A Collaborative, Effective Approach
At Balance House, we believe in individualized treatment planning, intensive family involvement and collaboration with professionals. Having a professional alliance as we walk patients and families through this difficult time is crucial and we want you with us every step of the way. This includes weekly progress reports and phone calls and/or whatever you need that will support your family member’s success. Discharge planning and reintegration back to the community is high on our priority list and we will collaborate with you as we discuss the next phases of treatment.
Research has shown time and time again that long-term treatment works. What do we mean by long-term treatment? Titrated clinical services are provided in all four levels of care (phase 1, extended care, structured sober living, and transitional living) so that we can get the mind (thinking), the heart (emotional stability), and the feet (action-based programming) all moving in the same direction. This requires our team to observe benchmarks (Is he going to school? Is he smiling more often than frowning? Is he cleaning his room? Is he telling the truth? Is he laughing? Is he home by curfew, for Phases II and III? Is he saving money and sticking to his budget? Etc) that clearly show where in our program he will be successful, and when he is ready to leave. Such benchmarks are based on the Balance House Philosophy (what we’ve seen work), what you, the professional, recommend, what the family would like to see, and most importantly, what the client’s wishes are. When patients stay for our full continuum of care, they leave with over one year of sobriety, employment, healthier relationships, and self-sufficiency. With that being said, we also understand that every person is different and there is no “one size fits all.” We also understand telling someone they are coming to treatment for a year can be terrifying and we are happy to work with them at any stage. If it is only 30 days to start, that is okay. Our clinical team and medical director can assess the patient’s level of functioning and treatment needs to determine where the patient is and how to set them up for success.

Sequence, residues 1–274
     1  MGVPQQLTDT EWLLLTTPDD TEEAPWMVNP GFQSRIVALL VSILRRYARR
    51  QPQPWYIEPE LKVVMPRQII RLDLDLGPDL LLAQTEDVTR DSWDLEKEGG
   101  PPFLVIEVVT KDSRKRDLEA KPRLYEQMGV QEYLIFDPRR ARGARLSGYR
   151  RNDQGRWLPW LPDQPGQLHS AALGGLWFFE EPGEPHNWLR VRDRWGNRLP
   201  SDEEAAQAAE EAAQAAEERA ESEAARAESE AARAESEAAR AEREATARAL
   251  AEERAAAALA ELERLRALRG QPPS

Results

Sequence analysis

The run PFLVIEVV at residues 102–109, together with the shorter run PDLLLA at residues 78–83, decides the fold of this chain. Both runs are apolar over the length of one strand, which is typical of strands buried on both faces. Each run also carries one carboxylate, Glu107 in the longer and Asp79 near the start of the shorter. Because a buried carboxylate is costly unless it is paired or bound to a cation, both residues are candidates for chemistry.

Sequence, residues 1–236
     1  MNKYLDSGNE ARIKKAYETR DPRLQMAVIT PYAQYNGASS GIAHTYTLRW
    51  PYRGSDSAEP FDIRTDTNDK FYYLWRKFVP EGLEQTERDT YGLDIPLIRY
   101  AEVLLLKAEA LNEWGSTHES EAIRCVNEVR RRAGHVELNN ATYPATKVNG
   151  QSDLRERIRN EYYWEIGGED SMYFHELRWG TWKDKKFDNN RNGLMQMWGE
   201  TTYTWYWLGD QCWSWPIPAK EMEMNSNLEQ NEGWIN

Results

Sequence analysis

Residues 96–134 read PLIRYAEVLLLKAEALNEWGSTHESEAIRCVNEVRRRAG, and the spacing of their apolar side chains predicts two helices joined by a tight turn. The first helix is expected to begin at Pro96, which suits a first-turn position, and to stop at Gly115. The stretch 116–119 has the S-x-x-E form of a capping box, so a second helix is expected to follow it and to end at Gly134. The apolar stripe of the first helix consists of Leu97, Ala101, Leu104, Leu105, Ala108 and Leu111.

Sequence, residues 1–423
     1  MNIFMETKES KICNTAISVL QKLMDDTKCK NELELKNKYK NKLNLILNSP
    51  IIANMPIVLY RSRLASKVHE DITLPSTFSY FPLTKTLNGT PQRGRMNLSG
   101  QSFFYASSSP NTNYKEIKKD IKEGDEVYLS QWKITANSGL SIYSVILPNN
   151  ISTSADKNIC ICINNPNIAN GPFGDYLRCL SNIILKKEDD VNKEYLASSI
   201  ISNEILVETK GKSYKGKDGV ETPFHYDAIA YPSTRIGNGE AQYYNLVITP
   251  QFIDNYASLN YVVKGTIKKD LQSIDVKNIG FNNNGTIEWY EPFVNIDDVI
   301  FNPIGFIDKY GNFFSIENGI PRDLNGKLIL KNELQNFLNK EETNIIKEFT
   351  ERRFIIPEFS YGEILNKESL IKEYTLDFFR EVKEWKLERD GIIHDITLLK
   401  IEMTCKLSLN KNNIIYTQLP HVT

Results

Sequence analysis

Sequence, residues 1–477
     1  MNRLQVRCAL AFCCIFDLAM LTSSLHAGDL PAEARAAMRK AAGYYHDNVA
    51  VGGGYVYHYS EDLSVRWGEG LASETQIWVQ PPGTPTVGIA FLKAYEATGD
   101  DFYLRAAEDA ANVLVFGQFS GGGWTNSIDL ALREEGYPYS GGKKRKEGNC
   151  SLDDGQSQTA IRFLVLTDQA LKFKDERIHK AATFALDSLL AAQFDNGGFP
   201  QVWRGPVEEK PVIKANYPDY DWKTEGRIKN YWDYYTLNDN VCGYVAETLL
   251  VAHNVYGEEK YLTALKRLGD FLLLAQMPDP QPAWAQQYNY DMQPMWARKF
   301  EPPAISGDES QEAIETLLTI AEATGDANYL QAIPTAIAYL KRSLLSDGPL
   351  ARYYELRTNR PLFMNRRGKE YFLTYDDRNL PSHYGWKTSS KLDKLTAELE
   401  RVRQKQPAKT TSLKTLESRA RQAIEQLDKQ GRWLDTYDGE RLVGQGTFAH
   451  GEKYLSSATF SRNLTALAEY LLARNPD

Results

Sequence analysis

We have previously been critical of the addiction treatment profession, but we must acknowledge and express our great respect for other programs and professionals who work tirelessly in this field. Many of these individuals and programs have given us their time, expertise, supervision, and knowledge base. Thanks in part to them, we were able to stand on their shoulders while we were designing some aspects of our clinical approach.